Are Ghana`s Prisons Reformation or Slave Grounds?
“What begins as a failure to uphold the dignity of one life, all too often ends as a calamity for entire nations”- Kofi Annan, former UN Secretary-General. It wasn't only surprising but very worrying at the ghastly sight of the conditions of our own people during Metro TV's insightful documentary on the state of Ghana's prisons during the last quarter of 2009. One is always compelled in such grim situations to question Ghana's development agenda if really we can make great strides towards soothing the threats of chronic poverty.
Are we exhibiting the features of a committed state that upholds the principles of democracy? There is no doubt that the prisons in the country for now are akin to refugee camps in war-stricken countries or slave grounds.
These awful conditions in our prisons are even difficult to ascertain especially when Ghana has been proudly touted for its improved democratic credentials and as such regarded as the beacon of democracy in Africa.
Are we really upholding the significant feat of “Freedom and Justice”? Without any shred of doubts, what we see today is a clear case of injustice and act of slavery.
The prisons which are places to reform detainees and prisons to become more useful to society have now been made the ground to mercilessly punish people. It is therefore right to say that Ghana is rather enslaving her people and as such bringing back into memories the pain of slavery under colonialism.
The article is meant to reveal the fact that our development aspirations are just impossible to be realized if the fundamental human rights of detainees and prisoners are not protected.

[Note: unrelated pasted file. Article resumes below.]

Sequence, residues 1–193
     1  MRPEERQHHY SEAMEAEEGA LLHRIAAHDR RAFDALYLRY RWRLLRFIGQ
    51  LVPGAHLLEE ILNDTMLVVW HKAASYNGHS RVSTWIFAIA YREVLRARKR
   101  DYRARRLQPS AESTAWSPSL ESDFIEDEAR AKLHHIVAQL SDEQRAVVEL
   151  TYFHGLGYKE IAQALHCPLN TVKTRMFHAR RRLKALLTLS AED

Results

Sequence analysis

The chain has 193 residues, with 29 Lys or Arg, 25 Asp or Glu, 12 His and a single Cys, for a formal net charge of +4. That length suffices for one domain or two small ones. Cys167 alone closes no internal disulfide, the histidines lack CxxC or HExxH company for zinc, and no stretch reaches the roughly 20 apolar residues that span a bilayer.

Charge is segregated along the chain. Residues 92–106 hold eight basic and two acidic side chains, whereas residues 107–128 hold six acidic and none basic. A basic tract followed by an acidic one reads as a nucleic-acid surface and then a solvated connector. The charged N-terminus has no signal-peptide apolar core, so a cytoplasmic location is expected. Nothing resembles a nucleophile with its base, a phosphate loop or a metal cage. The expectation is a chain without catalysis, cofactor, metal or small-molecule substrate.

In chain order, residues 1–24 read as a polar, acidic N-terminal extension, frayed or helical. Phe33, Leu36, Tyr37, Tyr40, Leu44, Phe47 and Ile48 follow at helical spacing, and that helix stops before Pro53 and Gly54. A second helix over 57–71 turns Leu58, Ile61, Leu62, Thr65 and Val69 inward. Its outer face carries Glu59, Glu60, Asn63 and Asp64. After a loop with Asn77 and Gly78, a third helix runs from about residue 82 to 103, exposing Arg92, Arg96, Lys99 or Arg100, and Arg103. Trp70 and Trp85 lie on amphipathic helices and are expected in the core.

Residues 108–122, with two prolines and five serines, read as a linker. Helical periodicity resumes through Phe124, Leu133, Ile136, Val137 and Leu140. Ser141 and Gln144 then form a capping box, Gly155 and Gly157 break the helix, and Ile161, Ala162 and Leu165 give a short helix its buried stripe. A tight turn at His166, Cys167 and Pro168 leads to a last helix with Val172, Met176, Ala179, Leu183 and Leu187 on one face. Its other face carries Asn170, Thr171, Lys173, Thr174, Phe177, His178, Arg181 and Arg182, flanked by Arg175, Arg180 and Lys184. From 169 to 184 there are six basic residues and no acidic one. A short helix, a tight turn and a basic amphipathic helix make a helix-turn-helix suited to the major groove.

We are getting it all wrong!
What is happening in the prisons casts doubt about Ghana's legacy of credible democracy. It's a misplaced agenda if Ghana is aspiring to achieve economic growth and development without regarding the need to ensure the protection and advancement of fundamental human rights especially with reference to the 1948 Universal Declaration of Human Rights.
The UN declaration provides a framework for practical action at the international, national and sub-national levels to reduce poverty premised on human rights protection and advancement.
This establishes the fact that our efforts to reduce poverty would indeed make no meaning if the protection of human rights especially in the prisons is left in the lap of the gods.
Detainees and prisoners also have the inalienable rights as the ordinary person in the street barring the deprivation of their liberties as prisoners. It's about time we relegated the notion that detainees and prisoners are less important people to the background.
The 1992 Constitution, supreme law of the land, stipulates in Article 14(1) that “Every person shall be entitled to his personal liberty”. But what is being experienced today is a sharp contravention of the law of the land.
While a person in prisons in the US and UK can acquire a high standard of education or even earn a degree, prisoners in Ghana are not even treated to achieve simple psychological reformation. They come out the same and even worse.
What is even distressing is the Gp60 per day feeding fee made available to detainees and prisoners.
It is again interesting but crucial for our development to note that the only capacity of the Gp60 is to prepare a meal completely outside the horizons of 'good taste' for prison inmates.
During Metro TV's prison news documentary, one could see an insipid palm soup, very watery and which is ideally not a diet for an ordinary human being.
It goes without saying that the feeding fee is woefully inadequate. After serving sentences, the country should be convinced that offenders would not commit the same offence but would contribute their quota to the myriads of development approaches. One can still practice his nutritional belief in the prisons in the UK and elsewhere. We have vegetarians and fruitarians and even those who do not consume sugar or salt.
Can a prisoner who is a vegetarian or fruitarian hold on to these practices in Ghana's prisons? Certainly not, when even foods prepared for all are woefully inadequate and poorly cooked let lone vegetarianism or fruitarianism.